Jessica Lake

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Melbourne Law School

Senior Lecturer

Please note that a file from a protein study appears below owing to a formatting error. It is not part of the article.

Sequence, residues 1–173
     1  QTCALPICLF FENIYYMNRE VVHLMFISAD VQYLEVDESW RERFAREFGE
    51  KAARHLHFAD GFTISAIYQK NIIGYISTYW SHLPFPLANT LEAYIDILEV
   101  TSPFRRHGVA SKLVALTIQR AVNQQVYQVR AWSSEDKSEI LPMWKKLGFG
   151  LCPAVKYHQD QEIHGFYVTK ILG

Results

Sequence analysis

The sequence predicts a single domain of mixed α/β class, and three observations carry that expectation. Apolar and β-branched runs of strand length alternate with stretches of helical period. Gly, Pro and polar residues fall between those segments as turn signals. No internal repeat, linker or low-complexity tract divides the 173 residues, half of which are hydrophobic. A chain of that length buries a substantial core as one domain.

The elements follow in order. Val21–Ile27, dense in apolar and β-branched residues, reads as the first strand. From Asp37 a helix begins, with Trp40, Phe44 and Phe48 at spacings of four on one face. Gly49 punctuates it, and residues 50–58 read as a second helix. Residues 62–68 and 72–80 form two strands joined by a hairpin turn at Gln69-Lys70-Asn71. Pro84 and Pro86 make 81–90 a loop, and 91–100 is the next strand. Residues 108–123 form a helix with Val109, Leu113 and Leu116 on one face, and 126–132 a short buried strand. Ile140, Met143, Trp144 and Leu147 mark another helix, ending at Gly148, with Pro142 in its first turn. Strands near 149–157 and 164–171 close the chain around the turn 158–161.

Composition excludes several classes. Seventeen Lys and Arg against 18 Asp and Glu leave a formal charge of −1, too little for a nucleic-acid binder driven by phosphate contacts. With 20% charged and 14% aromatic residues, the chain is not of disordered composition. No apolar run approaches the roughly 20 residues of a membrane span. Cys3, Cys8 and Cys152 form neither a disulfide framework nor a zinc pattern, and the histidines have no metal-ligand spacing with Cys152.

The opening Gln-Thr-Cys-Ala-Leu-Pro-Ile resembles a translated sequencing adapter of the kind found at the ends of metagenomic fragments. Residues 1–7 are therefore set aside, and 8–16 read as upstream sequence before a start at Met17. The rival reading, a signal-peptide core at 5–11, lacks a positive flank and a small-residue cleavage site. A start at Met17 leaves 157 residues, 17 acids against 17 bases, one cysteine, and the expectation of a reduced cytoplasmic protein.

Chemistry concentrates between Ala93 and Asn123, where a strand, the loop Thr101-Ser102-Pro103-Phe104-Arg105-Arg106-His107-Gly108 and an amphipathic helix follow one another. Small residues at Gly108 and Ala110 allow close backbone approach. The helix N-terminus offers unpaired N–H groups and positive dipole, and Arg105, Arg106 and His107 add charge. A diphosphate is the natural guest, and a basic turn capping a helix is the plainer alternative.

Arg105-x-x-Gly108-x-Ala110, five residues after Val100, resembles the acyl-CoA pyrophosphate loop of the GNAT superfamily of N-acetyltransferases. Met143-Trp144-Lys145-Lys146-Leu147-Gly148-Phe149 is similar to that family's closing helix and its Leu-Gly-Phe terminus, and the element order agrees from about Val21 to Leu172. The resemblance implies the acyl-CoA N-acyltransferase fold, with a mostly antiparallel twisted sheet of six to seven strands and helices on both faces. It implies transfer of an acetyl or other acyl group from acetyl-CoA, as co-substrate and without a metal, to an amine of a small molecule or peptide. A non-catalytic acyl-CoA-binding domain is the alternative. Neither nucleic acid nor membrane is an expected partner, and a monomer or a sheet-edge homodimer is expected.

Dr. Jessica Lake focuses on media law, legal history, and feminist legal theory. She researches the regulation of expression, reputation and creativity — privacy, defamation, copyright — in the common law world from the early nineteenth century to the present, with a focus on gender. Her first book, "The Face that Launched a Thousand Lawsuits: the American Women Who Forged a Right to Privacy," was published with Yale University Press in 2016. It argued that women first forged a "right to privacy" in the United States in the late nineteenth and early twentieth centuries by bringing cases to prevent and prohibit the unsanctioned use of their photographic and cinematic images. Her book was shortlisted for the W.K. Hancock Prize by the Australian Historical Association. She has published widely in academic journals, and has edited books, newspapers and magazines on topics including the regulation of non-consensual and deep fake pornography, the history of privacy law, gender and technology, and defamation law and the #metoo movement. Her next book, on the gendered history of defamation law in the United States, Australia, and the United Kingdom, "Special Damage: Slandered Women and Stained Whiteness 1790-1890," is contracted with Stanford University Press. In 2016-2017, Jessica was the Karl Loewenstein postdoctoral research fellow in jurisprudence and political science at Amherst College, Massachusetts. In 2022, she received a Discovery Early Career Researcher Award from the Australian Research Council for her project titled "The Colour of Sexual Slander." Jessica is currently co-editor of "History Australia." Prior to academia, she worked for several years as a media and intellectual property lawyer.